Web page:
Tackling cancer in Flat Coated Retrievers

Histiocytic sarcoma is a cancer that kills around 30% of Flat Coated Retrievers (FCRs) with onset often in relatively young dogs. Existing treatments may cause remissions but are rarely curative. There is incomplete knowledge of the genetic factors within the breed that allow this cancer to be common, and virtually no knowledge of the specific metabolic pathways in these tumours that could enable targeted treatments.

Researchers in the Kennel Club Genetics Centre and elsewhere in the Department of Veterinary Medicine at the University of Cambridge, are conducting genetic and proteomic studies that aim to identify variants in the DNA and in the metabolic paths that are associated with this cancer.

Can you help?
To decipher the genetic factors underlying this disease, we need large numbers of FCR samples. If you are an FCR owner, you may be able to help us, if:

– your dog has been diagnosed with cancer, or

– your dog has not suffered from any type of cancer AND is at least 10 years old

If your dog meets either of these criteria, please contact: ???@vet.cam.ac.uk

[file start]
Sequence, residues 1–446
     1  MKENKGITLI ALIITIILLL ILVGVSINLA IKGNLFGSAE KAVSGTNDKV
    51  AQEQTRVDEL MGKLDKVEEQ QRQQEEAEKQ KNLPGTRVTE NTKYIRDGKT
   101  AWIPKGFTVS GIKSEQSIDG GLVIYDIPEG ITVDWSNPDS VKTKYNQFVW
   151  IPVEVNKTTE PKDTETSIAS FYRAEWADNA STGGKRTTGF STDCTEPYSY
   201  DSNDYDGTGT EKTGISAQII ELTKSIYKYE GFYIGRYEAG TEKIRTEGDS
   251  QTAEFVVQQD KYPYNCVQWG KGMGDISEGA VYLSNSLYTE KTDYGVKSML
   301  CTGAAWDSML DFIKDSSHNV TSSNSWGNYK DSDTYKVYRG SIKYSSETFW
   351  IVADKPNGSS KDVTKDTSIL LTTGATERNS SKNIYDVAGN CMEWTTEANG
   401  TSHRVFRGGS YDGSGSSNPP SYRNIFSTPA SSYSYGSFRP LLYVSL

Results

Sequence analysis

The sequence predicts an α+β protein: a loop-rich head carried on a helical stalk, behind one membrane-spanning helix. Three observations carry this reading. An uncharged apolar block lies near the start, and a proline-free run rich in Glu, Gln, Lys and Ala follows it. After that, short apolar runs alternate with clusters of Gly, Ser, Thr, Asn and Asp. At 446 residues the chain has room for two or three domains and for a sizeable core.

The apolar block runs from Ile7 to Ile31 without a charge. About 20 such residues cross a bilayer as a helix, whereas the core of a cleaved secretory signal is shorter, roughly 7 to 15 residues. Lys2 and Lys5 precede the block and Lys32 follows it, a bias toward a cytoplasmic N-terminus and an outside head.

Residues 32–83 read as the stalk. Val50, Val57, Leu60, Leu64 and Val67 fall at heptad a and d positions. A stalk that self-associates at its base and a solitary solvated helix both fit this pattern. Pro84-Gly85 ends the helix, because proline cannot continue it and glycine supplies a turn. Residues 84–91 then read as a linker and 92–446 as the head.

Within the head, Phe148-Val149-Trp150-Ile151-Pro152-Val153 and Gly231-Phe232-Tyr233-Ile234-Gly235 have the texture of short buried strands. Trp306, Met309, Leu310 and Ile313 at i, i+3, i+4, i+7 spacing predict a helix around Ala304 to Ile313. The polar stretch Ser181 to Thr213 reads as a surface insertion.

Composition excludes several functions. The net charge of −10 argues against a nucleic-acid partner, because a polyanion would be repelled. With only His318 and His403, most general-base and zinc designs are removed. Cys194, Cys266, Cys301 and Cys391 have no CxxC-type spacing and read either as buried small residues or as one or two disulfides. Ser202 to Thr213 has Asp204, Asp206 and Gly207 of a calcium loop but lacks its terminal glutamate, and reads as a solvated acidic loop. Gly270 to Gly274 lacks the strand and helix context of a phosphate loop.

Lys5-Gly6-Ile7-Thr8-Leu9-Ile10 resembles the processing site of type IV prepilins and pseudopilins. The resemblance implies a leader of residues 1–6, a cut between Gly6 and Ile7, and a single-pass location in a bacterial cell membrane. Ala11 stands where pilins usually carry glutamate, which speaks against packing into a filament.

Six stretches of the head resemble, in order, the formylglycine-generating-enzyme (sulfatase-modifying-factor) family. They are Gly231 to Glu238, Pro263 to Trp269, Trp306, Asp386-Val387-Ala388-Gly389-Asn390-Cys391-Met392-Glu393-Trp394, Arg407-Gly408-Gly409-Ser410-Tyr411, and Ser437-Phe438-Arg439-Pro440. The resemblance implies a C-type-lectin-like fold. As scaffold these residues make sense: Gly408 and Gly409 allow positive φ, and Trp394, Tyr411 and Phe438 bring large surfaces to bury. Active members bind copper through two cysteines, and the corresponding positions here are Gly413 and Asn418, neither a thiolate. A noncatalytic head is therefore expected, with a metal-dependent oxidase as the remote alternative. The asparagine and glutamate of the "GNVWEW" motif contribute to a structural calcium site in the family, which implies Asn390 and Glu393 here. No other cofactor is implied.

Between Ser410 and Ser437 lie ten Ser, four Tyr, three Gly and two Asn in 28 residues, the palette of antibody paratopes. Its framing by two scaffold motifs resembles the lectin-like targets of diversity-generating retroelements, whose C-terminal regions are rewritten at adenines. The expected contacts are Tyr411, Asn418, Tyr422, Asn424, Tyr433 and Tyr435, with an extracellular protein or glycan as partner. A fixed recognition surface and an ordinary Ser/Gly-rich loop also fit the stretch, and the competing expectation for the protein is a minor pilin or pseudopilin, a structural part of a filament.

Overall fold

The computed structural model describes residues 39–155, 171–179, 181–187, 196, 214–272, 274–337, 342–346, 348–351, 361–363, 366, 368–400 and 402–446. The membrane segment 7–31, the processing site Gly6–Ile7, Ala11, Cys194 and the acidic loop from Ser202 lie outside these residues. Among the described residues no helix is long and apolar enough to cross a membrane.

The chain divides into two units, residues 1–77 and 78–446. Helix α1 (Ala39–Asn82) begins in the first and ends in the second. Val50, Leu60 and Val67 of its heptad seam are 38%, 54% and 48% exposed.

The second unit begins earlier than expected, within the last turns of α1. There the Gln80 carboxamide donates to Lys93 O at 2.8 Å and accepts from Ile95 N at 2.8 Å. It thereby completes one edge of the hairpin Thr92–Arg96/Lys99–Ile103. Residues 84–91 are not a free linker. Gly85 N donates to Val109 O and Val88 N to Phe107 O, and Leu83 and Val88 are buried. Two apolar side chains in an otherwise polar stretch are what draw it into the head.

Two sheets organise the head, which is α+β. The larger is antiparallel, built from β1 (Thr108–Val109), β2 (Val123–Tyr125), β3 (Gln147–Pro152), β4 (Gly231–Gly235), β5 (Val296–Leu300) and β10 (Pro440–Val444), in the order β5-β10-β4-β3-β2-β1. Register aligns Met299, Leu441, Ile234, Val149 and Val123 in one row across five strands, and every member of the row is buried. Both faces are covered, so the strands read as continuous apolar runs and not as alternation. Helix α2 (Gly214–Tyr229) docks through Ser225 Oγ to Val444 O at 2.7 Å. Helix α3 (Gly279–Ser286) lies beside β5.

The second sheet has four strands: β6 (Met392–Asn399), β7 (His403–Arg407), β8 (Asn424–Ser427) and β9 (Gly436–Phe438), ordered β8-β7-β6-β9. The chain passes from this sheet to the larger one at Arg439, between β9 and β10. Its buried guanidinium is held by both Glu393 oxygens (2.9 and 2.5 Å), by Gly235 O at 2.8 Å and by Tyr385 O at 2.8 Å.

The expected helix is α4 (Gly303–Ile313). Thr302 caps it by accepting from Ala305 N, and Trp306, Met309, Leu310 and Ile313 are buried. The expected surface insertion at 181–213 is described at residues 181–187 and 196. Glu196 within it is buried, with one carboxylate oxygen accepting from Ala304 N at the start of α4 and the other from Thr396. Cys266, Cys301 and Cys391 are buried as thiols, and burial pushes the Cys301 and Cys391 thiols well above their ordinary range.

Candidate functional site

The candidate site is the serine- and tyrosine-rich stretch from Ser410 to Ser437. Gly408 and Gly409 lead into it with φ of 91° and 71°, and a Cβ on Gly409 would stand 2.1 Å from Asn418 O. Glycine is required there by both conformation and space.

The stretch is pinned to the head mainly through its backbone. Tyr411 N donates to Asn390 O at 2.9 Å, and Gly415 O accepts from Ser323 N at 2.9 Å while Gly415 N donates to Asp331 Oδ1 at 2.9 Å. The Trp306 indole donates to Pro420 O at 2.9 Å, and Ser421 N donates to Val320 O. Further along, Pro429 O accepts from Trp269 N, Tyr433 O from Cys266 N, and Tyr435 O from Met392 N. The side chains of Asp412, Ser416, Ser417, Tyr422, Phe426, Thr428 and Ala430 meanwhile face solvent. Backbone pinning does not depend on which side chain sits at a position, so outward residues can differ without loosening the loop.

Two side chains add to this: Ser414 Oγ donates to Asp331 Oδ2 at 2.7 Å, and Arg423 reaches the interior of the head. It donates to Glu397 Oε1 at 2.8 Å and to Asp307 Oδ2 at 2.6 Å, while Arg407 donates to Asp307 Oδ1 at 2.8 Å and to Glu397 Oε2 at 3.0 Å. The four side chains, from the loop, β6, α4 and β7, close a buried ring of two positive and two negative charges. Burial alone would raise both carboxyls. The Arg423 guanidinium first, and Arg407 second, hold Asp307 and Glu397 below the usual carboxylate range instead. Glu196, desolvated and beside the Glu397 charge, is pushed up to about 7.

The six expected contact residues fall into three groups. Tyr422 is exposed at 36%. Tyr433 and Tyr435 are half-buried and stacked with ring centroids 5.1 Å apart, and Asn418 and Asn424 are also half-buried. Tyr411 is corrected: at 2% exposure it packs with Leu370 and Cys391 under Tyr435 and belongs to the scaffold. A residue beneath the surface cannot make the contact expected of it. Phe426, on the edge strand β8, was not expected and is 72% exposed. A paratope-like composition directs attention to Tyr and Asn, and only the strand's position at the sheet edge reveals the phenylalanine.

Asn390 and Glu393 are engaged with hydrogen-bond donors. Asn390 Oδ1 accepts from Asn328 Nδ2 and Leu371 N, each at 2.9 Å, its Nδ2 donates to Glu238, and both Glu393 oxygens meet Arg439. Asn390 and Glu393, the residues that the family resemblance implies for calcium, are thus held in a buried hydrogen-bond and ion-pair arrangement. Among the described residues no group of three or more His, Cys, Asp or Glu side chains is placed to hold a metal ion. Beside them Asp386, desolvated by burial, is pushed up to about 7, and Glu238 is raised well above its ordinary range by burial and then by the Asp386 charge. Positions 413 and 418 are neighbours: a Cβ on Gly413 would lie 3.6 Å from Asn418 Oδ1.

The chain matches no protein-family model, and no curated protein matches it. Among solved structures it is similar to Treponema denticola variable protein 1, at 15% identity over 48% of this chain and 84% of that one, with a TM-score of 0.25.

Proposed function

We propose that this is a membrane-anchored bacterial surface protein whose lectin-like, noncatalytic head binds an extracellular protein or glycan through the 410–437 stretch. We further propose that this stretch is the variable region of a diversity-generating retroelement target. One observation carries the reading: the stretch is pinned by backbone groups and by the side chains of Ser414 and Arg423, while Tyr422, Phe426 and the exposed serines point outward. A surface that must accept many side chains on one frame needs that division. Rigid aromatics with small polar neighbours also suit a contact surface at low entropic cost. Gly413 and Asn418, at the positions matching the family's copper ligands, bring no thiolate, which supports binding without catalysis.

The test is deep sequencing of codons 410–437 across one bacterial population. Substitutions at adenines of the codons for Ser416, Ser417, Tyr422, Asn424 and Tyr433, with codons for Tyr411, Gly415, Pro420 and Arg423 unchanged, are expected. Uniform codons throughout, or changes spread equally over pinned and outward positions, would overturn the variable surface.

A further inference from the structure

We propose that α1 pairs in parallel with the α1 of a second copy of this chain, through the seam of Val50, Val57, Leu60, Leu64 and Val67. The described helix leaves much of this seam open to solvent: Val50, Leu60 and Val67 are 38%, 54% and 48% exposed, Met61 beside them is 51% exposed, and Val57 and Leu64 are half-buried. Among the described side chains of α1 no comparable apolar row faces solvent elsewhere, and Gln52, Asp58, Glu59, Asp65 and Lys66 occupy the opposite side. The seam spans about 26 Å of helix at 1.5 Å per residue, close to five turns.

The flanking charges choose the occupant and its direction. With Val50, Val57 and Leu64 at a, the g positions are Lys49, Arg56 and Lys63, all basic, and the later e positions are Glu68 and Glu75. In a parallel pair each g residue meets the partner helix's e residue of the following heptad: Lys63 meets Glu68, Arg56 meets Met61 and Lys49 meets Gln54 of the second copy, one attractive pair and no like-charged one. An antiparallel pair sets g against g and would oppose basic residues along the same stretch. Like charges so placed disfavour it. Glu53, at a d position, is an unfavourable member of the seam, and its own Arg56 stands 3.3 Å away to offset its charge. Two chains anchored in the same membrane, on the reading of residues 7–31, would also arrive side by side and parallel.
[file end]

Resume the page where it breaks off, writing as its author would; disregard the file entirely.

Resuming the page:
By contributing a cheek swab DNA sample from your dog, you will be supporting a project that has the potential to help prevent this disorder from occurring in other FCRs, and possibly other breeds too that suffer from similar conditions.

One of our main research goals is to develop a DNA test that could inform us whether a dog has DNA variants that increase its risk of developing histiocytic sarcoma, or that could help inform their treatment.

What would taking part involve?

For both affected and unaffected dogs we will ask you to collect a cheek swab DNA sample from your dog. This involves rubbing some small brush-like swabs on the inside of your dog’s cheek. These take a very thin layer of cells from which DNA can later be extracted.

For potential cancer cases we would also ask you to complete an online questionnaire about your dog’s condition. We may also ask for your consent to contact your vet to see whether they have any remaining samples of the cancer.

Thanks to 123090 and karisjo for top and bottom FCR photographs, respectively, both from Pixabay